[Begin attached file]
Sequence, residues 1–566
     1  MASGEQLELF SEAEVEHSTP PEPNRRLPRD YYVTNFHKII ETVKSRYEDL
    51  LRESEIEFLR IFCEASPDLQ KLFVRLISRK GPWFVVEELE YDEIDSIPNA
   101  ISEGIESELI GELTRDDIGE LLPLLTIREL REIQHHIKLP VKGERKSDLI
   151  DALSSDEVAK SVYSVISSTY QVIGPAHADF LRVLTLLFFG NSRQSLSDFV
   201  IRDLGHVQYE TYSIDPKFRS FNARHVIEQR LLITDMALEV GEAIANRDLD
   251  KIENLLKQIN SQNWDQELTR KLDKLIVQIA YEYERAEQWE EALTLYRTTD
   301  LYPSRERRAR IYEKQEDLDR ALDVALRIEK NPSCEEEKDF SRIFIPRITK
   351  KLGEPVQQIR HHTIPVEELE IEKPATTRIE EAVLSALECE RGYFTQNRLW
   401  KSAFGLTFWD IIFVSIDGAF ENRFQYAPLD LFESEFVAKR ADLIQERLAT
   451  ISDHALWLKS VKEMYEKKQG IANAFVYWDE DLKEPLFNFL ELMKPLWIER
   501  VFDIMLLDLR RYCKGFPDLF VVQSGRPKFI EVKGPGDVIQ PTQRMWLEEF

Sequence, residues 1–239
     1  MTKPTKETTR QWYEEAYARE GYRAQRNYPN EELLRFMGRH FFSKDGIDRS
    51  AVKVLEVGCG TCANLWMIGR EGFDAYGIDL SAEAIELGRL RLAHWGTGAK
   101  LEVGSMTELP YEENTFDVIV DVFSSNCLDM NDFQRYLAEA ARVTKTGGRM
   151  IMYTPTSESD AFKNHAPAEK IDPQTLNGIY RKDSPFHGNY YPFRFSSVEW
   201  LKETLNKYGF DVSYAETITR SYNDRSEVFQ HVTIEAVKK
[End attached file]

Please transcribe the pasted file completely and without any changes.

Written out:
Sequence, residues 1–566
     1  MASGEQLELF SEAEVEHSTP PEPNRRLPRD YYVTNFHKII ETVKSRYEDL
    51  LRESEIEFLR IFCEASPDLQ KLFVRLISRK GPWFVVEELE YDEIDSIPNA
   101  ISEGIESELI GELTRDDIGE LLPLLTIREL REIQHHIKLP VKGERKSDLI
   151  DALSSDEVAK SVYSVISSTY QVIGPAHADF LRVLTLLFFG NSRQSLSDFV
   201  IRDLGHVQYE TYSIDPKFRS FNARHVIEQR LLITDMALEV GEAIANRDLD
   251  KIENLLKQIN SQNWDQELTR KLDKLIVQIA YEYERAEQWE EALTLYRTTD
   301  LYPSRERRAR IYEKQEDLDR ALDVALRIEK NPSCEEEKDF SRIFIPRITK
   351  KLGEPVQQIR HHTIPVEELE IEKPATTRIE EAVLSALECE RGYFTQNRLW
   401  KSAFGLTFWD IIFVSIDGAF ENRFQYAPLD LFESEFVAKR ADLIQERLAT
   451  ISDHALWLKS VKEMYEKKQG IANAFVYWDE DLKEPLFNFL ELMKPLWIER
   501  VFDIMLLDLR RYCKGFPDLF VVQSGRPKFI EVKGPGDVIQ PTQRMWLEEF

Sequence, residues 1–239
     1  MTKPTKETTR QWYEEAYARE GYRAQRNYPN EELLRFMGRH FFSKDGIDRS
    51  AVKVLEVGCG TCANLWMIGR EGFDAYGIDL SAEAIELGRL RLAHWGTGAK
   101  LEVGSMTELP YEENTFDVIV DVFSSNCLDM NDFQRYLAEA ARVTKTGGRM
   151  IMYTPTSESD AFKNHAPAEK IDPQTLNGIY RKDSPFHGNY YPFRFSSVEW
   201  LKETLNKYGF DVSYAETITR SYNDRSEVFQ HVTIEAVKK